If you look at things a certain way, you could say that Artur Beterbiev is a godsend for Mexican star Saul “Canelo” Alvarez.
Beterbiev’s crushing second round TKO win over Joe Smith Jr. this past Saturday at Madison Square Garden Theater in New York allowed him to add Smith’s WBO belt to his own IBF and WBC straps and pretty much secure his place atop the light heavyweight division. WBA titlist, Dmitry Bivol, who had briefly occupied that number one slot following his upset win over Alvarez back in May, is still a firm no. 2 in the division..
Bivol’s team had already made it known that they wanted to face the winner of the Beterbiev-Smith clash and that they actually preferred that unification bout over a rematch with Alvarez.
“Bivol would be extremely interested in having a fight against the winner of this bout, especially if the winner is Artur Beterbiev, Bivol’s promoter Andrey Ryabinskiy told Sky Sports days before Saturday’s three-belt unification bout.
“The fight between Bivol-Beterbiev is a long-awaited dream of all boxing fans.”
Meanwhile, Beterbiev, after his dominant performance, is lukewarm to facing cash cow Canelo Alvarez and keen on facing Bivol in a four-belt unification.
Okay, let’s do it,” Artur Beterbiev told KO Artist Sports, when asked if he wants to face Bivol next.
“Yes, I want this fight,” Beterbiev said when asked if he wanted that Bivol fight instead of one with Canelo Alvarez.
“Unification fights are more interesting, more motivating,” Beterbiev also told media after Saturday’s win. “I prefer unification fight. I want to be undisputed.”
So, if Bivol and Beterbiev want one another and want to get this full unification bout done sooner rather than later, that leaves Alvarez out of the loop.
And, honestly, Alvarez should be very, very happy for that.
The Mexican’s unanimous decision loss to Bivol on May 7, although close on the scorecards, was really not all that close. It was a pretty decisive victory for Bivol, who controlled most of the action and managed to nullify Alvarez’s best assets. It was much closer to a 117-111 win than the 115-113 tallies on the three official judges’ scorecards.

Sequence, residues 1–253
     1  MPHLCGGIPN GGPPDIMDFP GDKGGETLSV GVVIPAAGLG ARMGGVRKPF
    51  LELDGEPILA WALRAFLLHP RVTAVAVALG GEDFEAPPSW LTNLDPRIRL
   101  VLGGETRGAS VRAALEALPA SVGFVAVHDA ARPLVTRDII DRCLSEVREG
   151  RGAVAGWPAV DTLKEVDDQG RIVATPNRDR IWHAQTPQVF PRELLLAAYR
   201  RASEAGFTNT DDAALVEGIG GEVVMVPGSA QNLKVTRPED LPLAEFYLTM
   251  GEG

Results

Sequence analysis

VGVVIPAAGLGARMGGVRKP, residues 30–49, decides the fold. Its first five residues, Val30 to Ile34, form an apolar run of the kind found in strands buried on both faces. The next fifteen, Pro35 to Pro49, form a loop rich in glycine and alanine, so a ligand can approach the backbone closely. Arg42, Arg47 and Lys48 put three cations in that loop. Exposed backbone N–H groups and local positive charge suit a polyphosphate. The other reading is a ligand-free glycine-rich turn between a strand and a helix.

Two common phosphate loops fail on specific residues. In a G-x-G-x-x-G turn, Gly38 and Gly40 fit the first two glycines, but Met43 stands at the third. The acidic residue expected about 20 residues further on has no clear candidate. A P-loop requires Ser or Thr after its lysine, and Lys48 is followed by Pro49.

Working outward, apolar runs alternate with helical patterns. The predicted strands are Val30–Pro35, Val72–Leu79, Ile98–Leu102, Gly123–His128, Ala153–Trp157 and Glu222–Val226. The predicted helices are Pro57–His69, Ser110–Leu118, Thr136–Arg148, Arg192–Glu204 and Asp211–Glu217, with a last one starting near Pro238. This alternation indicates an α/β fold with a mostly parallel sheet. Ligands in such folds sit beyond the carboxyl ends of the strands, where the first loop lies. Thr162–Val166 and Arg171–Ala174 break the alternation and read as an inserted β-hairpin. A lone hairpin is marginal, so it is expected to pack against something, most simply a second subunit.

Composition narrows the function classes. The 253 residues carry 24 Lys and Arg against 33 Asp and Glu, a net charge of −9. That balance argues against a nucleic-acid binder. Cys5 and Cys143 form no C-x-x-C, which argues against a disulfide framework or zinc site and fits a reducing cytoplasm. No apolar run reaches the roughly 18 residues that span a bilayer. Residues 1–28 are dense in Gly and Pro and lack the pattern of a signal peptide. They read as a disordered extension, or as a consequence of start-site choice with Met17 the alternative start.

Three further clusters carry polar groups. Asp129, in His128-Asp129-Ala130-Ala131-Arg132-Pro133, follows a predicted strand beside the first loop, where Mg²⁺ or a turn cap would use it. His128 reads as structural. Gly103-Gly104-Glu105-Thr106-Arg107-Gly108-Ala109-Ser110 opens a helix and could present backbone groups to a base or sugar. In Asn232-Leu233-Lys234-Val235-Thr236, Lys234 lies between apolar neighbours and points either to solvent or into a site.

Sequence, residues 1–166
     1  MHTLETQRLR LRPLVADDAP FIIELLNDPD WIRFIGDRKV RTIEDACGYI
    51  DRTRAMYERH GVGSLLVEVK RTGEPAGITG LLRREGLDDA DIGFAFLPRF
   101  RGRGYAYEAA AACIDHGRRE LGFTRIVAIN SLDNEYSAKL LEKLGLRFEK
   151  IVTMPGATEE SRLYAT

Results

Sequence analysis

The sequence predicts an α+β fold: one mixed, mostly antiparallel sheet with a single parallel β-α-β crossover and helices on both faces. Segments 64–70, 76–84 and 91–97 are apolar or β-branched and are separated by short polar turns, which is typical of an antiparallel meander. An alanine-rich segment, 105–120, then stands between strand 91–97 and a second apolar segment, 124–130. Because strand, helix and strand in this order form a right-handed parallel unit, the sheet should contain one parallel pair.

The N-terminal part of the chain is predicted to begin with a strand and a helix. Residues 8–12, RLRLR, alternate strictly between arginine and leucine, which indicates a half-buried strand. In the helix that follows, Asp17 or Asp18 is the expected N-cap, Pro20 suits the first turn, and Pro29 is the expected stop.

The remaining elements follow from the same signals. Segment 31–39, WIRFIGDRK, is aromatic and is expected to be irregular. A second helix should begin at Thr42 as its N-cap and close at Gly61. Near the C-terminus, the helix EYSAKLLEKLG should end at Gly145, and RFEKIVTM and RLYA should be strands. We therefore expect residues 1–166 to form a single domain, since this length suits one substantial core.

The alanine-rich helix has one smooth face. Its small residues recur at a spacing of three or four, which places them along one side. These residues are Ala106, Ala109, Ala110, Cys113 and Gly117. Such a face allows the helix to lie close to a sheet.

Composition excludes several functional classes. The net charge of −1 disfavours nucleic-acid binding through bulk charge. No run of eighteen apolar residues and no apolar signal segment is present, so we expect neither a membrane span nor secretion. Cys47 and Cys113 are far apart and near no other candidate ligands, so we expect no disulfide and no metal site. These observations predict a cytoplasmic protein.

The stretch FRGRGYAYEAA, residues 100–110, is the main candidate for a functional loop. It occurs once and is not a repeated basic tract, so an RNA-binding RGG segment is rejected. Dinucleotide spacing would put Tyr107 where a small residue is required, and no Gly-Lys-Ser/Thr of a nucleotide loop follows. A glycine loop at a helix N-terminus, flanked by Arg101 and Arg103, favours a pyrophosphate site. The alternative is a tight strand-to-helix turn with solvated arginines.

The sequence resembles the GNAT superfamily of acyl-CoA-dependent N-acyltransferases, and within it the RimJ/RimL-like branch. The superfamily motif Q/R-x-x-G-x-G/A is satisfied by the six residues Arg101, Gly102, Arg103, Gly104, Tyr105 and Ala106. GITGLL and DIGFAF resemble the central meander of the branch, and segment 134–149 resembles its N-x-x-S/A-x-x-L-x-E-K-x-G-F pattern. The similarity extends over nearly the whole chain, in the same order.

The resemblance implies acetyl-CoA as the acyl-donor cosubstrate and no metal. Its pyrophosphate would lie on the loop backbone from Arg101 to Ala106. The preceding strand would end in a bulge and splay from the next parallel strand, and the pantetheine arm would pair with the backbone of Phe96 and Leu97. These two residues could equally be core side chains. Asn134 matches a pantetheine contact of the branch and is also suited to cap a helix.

Alvarez made a lot of noise about wanting a rematch with Bivol, but there had to be a large measure of saving face mixed in with his sportsman desire to avenge a loss. More than anyone else, he had to know how rough a time he had against Russia’s Bivol and how hard it would be to turn things around in a second try against an opponent as calm, cool, collected, and clinical as Bivol, who makes very few exploitable mistakes.
Canelo also has to know what would be awaiting him if he tried to tangle with the heavy-handed Beterbiev. The Montreal-residing Russian is one of the most dangerous fighters in the game, and he has the undefeated record and 100% knockout rate to prove it. Although Alvarez’s skills are prodigious and his will to win is great, he would be utterly outgunned against Beterbiev in a light heavyweight bout.
The native of Guadalajara has already captured a world title at 175 lbs., but that belt came from a past-prime Sergey Kovalev, who was thought to be in a career slump when they met.
One would assume that had Joe Smith Jr. managed to upset Beterbiev on Saturday, Alvarez might have jumped at the opportunity to face the more limited Smith for a shot at becoming a three-belt light heavyweight champion.
But Canelo is not a dumb man. Beterbiev is a beast and Bivol has already bested him. The two Russians working to face one another frees Alvarez up to handle things at his more comfortable weight of 168 (starting with a part three of his rivalry with Gennadiy Golovkin this September), where he’s already the undisputed, four-belt champ and rules the roost.
He’ll never cop to it publicly, but Canelo Alvarez is probably happy not being invited to the light heavyweight champion vs. champion party.